Donald Trump doesn’t talk much about entrepreneurship. Conventional wisdom says he favors incumbents over disruptors. Still, one year into Trump’s presidency, entrepreneurial sap is rising.
In a recent survey of more than 100 growth company CEOs from the Inc. 5000, 71 percent rated the administration’s impact on entrepreneurial businesses as mostly or somewhat positive. Just 22 percent called it mostly or somewhat negative. In 20 follow-up interviews, respondents disagreed about how much credit Trump deserved for their rosy fortunes, and many expressed discomfort with the tenor of his leadership. But the majority agreed that, so far, the administration’s policies have been good for their businesses.
“It is a controversial administration and there are a lot of things I don’t like about it,” says David Shields, CEO of Component Surfaces, a $2.6 million industrial plating business, based in Poway, California. “But as far as the things that need to be done, they are getting done.” Component Surfaces is experiencing its best sales in 14 years, much of which Shields attributes to a looser regulatory environment for customers.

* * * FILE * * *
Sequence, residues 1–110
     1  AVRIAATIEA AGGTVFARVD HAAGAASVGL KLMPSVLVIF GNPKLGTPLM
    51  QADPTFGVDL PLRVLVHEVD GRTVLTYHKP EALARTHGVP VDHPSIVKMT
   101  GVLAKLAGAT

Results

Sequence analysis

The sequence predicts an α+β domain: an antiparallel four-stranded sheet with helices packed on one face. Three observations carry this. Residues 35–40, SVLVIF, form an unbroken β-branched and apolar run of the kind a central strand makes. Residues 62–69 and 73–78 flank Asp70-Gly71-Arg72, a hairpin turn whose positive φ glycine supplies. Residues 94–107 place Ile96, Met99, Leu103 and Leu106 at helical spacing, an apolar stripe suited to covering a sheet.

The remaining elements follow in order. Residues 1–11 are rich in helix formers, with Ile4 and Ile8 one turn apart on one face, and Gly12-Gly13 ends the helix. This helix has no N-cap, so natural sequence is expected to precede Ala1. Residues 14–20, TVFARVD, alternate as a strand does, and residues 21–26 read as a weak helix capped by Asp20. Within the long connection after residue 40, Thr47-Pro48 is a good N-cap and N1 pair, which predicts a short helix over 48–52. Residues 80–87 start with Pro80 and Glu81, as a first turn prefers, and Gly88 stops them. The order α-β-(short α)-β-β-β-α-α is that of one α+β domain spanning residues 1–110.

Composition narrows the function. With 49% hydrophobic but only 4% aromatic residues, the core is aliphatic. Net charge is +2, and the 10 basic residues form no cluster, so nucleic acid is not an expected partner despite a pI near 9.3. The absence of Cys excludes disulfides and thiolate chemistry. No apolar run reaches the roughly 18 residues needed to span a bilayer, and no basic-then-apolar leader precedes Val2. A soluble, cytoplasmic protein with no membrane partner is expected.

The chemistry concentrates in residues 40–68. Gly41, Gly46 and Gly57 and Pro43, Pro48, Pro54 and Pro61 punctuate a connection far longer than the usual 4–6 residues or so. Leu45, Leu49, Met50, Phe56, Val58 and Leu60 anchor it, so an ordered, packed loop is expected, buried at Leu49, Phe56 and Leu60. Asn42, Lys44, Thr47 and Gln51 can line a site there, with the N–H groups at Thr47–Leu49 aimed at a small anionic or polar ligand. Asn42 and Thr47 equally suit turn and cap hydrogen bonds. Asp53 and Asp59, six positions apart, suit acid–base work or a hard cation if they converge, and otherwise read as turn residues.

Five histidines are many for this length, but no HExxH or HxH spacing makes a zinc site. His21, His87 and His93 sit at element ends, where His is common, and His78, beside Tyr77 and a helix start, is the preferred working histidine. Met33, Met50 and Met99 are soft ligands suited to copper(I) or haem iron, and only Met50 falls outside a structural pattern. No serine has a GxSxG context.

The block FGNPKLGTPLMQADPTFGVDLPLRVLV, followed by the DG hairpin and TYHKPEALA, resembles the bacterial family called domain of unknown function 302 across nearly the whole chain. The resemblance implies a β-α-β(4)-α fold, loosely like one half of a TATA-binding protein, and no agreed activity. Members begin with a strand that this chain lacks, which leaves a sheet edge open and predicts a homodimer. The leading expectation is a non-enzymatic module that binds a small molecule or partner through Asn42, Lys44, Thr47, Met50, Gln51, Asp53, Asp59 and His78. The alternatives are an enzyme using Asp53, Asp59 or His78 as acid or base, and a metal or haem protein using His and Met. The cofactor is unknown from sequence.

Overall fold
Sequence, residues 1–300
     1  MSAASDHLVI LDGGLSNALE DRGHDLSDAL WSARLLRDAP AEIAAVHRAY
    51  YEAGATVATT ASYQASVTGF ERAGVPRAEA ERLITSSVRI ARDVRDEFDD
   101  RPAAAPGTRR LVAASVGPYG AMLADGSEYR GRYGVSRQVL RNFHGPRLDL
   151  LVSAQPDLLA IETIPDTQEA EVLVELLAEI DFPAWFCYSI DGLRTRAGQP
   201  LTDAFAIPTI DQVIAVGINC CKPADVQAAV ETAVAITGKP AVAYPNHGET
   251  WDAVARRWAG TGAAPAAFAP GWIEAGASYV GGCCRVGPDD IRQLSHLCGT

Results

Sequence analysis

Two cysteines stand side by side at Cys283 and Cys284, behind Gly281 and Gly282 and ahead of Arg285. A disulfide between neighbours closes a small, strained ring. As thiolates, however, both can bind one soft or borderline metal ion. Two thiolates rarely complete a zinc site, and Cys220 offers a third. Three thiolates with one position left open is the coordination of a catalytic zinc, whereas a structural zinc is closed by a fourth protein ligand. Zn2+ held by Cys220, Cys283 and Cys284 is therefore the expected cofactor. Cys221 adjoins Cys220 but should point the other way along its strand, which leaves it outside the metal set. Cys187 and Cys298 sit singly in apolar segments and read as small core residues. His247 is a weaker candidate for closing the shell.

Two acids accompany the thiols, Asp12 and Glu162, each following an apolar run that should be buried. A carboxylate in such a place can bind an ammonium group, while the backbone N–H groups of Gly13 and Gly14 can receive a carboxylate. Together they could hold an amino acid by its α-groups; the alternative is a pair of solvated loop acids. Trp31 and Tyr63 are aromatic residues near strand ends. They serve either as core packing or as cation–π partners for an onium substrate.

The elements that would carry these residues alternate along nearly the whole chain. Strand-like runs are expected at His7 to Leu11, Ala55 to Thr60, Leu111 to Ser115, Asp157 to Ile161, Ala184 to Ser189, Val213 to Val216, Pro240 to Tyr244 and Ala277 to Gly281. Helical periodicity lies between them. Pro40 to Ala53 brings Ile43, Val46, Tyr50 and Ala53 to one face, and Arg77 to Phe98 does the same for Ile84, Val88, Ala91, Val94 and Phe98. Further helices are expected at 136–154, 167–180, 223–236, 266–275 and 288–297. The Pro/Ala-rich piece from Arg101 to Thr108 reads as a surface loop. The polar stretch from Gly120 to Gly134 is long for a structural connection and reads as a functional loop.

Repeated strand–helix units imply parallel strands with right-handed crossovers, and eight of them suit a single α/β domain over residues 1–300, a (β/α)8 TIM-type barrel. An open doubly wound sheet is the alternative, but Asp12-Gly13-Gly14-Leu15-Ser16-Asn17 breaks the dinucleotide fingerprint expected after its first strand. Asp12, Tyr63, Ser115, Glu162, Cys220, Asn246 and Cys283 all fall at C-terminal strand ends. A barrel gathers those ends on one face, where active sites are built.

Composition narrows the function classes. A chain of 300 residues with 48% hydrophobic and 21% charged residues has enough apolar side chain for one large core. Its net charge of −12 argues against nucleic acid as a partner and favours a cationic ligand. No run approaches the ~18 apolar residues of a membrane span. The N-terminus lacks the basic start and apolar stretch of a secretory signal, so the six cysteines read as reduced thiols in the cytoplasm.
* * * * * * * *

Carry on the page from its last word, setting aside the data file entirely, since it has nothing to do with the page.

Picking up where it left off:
“I’m not a Trump fan,” says Robert Rauch, CEO of RAR Hospitality, a $90 million hospitality management and hotel company, based in San Diego. But Rauch is a fan of the robust business and leisure-travel markets produced by a thrumming economy. “I like this president from a business standpoint,” he says.
Big plans for tax savings
The December tax law garnered the most enthusiastic reviews of the Trump administration’s policies. Sixty-five percent of survey respondents cited it as the best thing government did for their companies last year. All but a couple of CEOs said they would roll all or most of their tax savings back into their businesses.
“In the last two years, the thing that really slowed me down was having to save for taxes,” says David Dwite, CEO of the MacDonald & Owen Lumber Company, an $80 million hardwoods manufacturer based in Sparta, Wisconsin, Twite plans to invest between $1.5 million and $2 million of his projected savings to expand a facility in Luck, Wisconsin, and to buy specialized kilns to process walnut.
Adam Wonus is studying the law’s implications for Atrium Management, an $8.6 million property management company in Lake Mary, Florida. He believes savings will allow him to acquire more buildings this year than he had planned for. Wonus also expects his real estate clients will use their savings to bulk up holdings, which means more properties for him to manage. “We’re hiring more as our portfolio grows,” says Wonus. “And the extra capital will allow for more raises.”